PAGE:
The summer heat is coming and with the heat comes a whole new set of rules for gardening. The warm season vegetables grow great while the cool season plants bolt quickly. What if you want to keep your cool season plantings growing longer into the summer? Is there a way to do that? The answer is yes there is, move to the shade! Many cool season vegetables can still be grown in the summer as succession plantings if given enough shade. They won't last as long as the plants grown in spring but you can still grow and harvest many delicious greens. For my purposes the front porch is a great option. It faces north and receives very little direct sunlight during the day. The light it does receive is mostly in the morning on the east side of the house. While I could have just planted everything in pots…

Continue Reading

Build a Mini-Hoop House to Get an Early Start on the Garden

This winter has been cold and nothing if not unpredictable. Here in Tennessee we're experiencing a warm day every now and then followed by extreme cold. Hopefully now that March has arrived and spring is close things will be shaping up very soon. With that in mind I put together a project that will help me to get a jump start on my vegetable planting this season: a mini-hoop house. I grow most of my vegetables from seed and a hoop house is an ideal way to thwart the cold and get those spring and summer vegetables started early.  Lowe's provided my materials for this project as part of their Creative Ideas program. A hoop-house is essentially a greenhouse. Typically a hoop house will cover a garden area to heat it up enough to extend the season.  Once warm temperatures arrive they can be taken down or covered with another…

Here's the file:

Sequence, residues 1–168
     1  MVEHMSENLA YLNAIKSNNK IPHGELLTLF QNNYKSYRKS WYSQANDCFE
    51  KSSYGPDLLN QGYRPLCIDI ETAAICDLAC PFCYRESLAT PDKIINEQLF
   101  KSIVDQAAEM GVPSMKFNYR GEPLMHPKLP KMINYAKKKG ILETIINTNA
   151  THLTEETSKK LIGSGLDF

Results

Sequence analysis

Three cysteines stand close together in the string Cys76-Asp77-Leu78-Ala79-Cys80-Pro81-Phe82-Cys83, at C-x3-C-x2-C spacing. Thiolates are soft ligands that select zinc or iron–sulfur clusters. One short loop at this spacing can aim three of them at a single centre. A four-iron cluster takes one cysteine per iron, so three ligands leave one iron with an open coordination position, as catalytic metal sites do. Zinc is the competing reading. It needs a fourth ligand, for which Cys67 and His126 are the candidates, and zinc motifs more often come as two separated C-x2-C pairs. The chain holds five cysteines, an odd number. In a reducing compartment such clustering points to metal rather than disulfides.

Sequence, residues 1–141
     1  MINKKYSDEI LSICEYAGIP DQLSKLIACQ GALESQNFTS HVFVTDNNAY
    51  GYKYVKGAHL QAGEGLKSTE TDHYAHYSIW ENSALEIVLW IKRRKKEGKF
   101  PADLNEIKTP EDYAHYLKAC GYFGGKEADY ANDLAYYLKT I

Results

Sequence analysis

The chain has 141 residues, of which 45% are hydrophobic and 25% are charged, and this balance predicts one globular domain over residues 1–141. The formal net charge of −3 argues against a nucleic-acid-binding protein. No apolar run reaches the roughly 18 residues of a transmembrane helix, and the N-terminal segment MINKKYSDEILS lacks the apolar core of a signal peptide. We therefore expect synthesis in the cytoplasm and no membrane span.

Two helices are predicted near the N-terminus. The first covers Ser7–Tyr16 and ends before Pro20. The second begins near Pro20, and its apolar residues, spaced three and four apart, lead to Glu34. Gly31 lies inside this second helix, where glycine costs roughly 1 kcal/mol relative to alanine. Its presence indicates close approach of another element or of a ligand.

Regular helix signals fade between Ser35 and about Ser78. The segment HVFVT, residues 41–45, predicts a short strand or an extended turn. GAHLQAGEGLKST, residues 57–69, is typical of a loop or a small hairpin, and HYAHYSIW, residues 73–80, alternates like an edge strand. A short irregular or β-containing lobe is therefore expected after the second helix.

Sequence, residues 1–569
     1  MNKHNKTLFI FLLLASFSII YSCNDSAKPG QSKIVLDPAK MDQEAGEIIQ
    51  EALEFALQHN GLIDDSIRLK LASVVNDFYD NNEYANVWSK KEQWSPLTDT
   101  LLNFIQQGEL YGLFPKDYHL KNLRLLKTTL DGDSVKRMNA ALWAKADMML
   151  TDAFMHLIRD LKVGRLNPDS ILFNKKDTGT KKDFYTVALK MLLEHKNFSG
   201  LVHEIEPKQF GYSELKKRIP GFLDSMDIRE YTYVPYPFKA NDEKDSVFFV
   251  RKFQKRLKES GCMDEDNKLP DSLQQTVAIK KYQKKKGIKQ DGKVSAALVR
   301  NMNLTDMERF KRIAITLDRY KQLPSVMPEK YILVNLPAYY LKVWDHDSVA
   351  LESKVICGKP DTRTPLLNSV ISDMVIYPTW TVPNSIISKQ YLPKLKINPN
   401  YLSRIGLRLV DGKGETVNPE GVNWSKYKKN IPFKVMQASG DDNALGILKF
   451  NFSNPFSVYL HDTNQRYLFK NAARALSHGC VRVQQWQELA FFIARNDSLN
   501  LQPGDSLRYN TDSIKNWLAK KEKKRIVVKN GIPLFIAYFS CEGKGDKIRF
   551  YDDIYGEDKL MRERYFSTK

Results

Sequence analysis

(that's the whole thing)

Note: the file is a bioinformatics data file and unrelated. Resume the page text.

Continue Reading

Making A Dry Creek Bed Drainage Canal for Downspouts

What to do with this sedum garden? That's a question we asked ourselves several times. It was at one time a sedum garden but for some reason most of the sedum died over last summer. They may have been too wet, too dry, or both! The gutter from the garage roof gushes out water from at least 50% of the roof - then the summer heat dries out the whole area. It really takes one tough plant to survive those ever changing conditions. So we have to adapt and make the area more hospitable for planting. What did we come up with? A dry creek bed with a canal to channel the water away from the house and the garden. The rest of the post will tell you about making a dry creek bed! Making a Dry Creek Bed The Plan for Making a Dry Creek Bed Here's the basic…

Continue Reading

Garden Shed with a Front Porch

Last weekend I put together a small front porch for my garden shed. It's nothing fancy - just a small platform measuring 8'x4' made from pressure treated lumber. It's wide enough to fit a couple chairs when needed and provides a platform for entering the garden shed. The deck is free floating and can be moved if needed. It isn't attached to the building but appears like it is. It has corner posts and a center joist at 24 inches. There's still a lot more to do but with warm weather and gardening in full swing it's been hard to find the time to tinker on the garden shed. The next course of business is completing the two missing pieces of siding. Then I'll tackle the corner trim and begin the long tedious process of caulking and sealing the gaps. Inside there's all kinds of stuff that needs done. Last…

Continue Reading
Close Menu